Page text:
Spice Grrrl

Spice Grrrl

On a trip to Russia in 1995 I was told by the young writers I met there that when a certain famed Soviet novelist returned to his native land, he was an offensive anachronism to them.


On a trip to Russia in 1995 I was told by the young writers I met there that when a certain famed Soviet novelist returned to his native land, he was an offensive anachronism to them. They were angered by his sentimental yearnings for the old Russia, for the old Russian language. That language had failed them, these writers said, and they explained that the older author’s historic importance had had everything to do with a crucial need in the Soviet moment for “the novel of information.”

In the New Russia, it was explained to me, they had information but it was useless. We are like you now, they said.

But the opposite is true. In light of the persistent reality-flattening of corporate culture, with entertainment conglomerates devouring publishers who are already devouring each other, and all bookstores becoming one, the kind of information being put out about who we are grows thinner daily, despite our vivid immersion in data. America, it seems, in terms of the true diversity of our cultural product, is beginning to look a lot like the former Soviet Union.

The good news is that an underground is continually being renewed in the cities and elsewhere. A cultural overlay exists–an unbeatable one, we may hope, thanks to inexpensive new technologies and the unstoppable youthful desires to travel and create.

Michelle Tea’s book The Passionate Mistakes and Intricate Corruption of One Girl in America is a gem of endangered narration from a loud and highly marginalized subculture, in particular the third wave of feminism. Tea’s work resists categorization, and like all surprising vanguard literature, it’s the news–a hunk of lyric information that coolly, then frantically, describes the car wreck of her generation and everything that surrounds it.

Passionate Mistakes is full of misadventure, as its title coyly suggests, but it’s not just “about” being a sex worker, or “about” lesbianism or her early childhood in Chelsea, a city near Boston that was so depressed it almost went out of business. It’s not about lousy jobs or bad Catholic school education, either, although, paradoxically, it is exactly that.

Tea’s book is a reminder of how litanies work and how inventory (via Thoreau, Kerouac and Stein) is still one of the purest kinds of transcendence evidenced in American literature. In a culture of silence, inventory means resistance. And of course, the detailed turning of any American life reveals the American soul.

We witness a bunch of girls hanging outside an INXS concert. Michelle leans out there smoking; she cannot paw forward and scream like the others. “I just could not toss myself into the context of those girls…. This had always been my curse in my desire to be a groupie, my refusal to become part of the shrieking mob.” From this sullen opening, the book crackles forward in a skein of five stories. It’s set mostly in the city of Boston and its suburbs, which are briefly lit by the movements of girls. The first chapter is a tale of girlfriends. Michelle meets a pair of dark twins at the INXS concert, twins whose affections seem almost climate-controlled. Initially, they court Michelle, full of enthusiasm and interest. Then, “Judith and Janet soon hated me again, a mysterious animosity continuing for about a year. I think it was ’88 and they loved me again. It was summer…”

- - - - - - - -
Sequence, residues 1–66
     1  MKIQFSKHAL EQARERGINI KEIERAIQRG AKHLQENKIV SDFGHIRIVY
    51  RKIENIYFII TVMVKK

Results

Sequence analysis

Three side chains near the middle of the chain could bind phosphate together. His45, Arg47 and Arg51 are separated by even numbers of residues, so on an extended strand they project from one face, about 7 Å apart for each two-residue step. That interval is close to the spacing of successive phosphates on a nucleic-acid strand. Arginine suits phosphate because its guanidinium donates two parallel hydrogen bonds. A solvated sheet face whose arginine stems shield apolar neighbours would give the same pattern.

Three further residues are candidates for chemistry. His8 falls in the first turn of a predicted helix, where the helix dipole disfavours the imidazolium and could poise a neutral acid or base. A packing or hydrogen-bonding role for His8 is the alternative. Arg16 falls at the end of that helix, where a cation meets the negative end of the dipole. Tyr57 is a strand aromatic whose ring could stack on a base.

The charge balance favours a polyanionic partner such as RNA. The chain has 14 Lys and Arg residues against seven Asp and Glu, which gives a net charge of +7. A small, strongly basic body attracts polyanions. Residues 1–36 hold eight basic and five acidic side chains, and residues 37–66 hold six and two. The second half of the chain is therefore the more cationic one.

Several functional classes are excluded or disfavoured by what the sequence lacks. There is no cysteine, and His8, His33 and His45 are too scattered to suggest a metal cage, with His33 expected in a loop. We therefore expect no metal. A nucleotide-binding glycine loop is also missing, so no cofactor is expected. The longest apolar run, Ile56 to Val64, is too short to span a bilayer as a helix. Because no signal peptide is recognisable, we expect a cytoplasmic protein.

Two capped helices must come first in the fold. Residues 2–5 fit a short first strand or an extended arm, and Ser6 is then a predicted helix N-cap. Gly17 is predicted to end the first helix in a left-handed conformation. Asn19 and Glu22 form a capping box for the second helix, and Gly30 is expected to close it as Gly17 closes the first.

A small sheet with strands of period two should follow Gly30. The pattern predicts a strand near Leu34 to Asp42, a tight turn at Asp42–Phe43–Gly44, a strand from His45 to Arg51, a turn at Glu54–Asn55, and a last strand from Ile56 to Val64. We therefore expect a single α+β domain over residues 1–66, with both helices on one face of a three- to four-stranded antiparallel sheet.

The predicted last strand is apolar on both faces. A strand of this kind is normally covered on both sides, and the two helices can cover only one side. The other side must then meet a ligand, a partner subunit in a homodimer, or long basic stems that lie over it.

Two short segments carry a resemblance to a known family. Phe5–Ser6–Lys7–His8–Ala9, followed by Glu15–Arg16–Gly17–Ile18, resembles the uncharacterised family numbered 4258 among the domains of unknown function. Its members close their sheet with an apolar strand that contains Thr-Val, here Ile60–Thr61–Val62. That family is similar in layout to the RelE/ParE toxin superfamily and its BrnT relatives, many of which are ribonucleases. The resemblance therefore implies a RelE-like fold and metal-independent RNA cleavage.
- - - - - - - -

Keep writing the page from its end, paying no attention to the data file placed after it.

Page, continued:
By the end of the chapter, the sisters leave Michelle’s orbit for good. And Michelle sums one of them up like this: “And I know I wouldn’t know her if I saw her.” Gone. Brusqueness is an important node in Tea’s chaotic system. Oblivion is punctuation, and momentum builds because this author is bursting with energy and doubt. The constant divulgence of names and places and events creates a panning effect in the narrative, and an overwhelming sense of decenteredness results, the author’s chill edicts–“I wouldn’t know her”–serving as a device to cue the reader to move on.

Michelle picks her next friend, Joez, who lives in Salem, because of her perfect makeup and her joblessness, and the fact that she takes poetry courses at the community college–just that. Michelle, in her own post-high school blur, nonetheless has a job and is ambivalently attached to a more conventional search for meaning. She admires Joez because “she just hit fast forward and skipped right over the segment of life I was currently mired in.” And then we watch their ritual of the streets. Says Michelle:

I would ride the bus into Boston on Friday nights, alone with my book on my lap and all my weird makeup, black hair and black lipstick, and hopefully the bus riders of Chelsea Massachusetts would leave me alone but usually I would have to endure some kind of humiliation…. And would gaze out the window as we passed over the choppy harbor. And Joez would be there on the other side of the bridge, holding a plastic Tower Records bag packed with clothes for the weekend, books, a walkman for the train…. If it was really terrrible weather like snow or rain we would climb down into Haymarket Station and take the green line, but it was best when we walked. Climbing the slowly winding steps at Government Center where normal people ate lunch during the week but at night it was big and empty like a swimming pool with all the water drained out…. We were walking into a great drunken adventure. Past the rat-ridden alley that led to the Orpheum theater where bands we liked often played…. Down the street from the Orpheum was a teeny little liquor store that sold 2 for 1 bottles of wine and I would grab a couple by their slender necks, the dark red sloshing around inside, and we would walk across the street to the Boston Common…. If it was white and icy and the ugly naked trees were hung with lights we would take quick little steps, hurried in the cold but careful not to slip.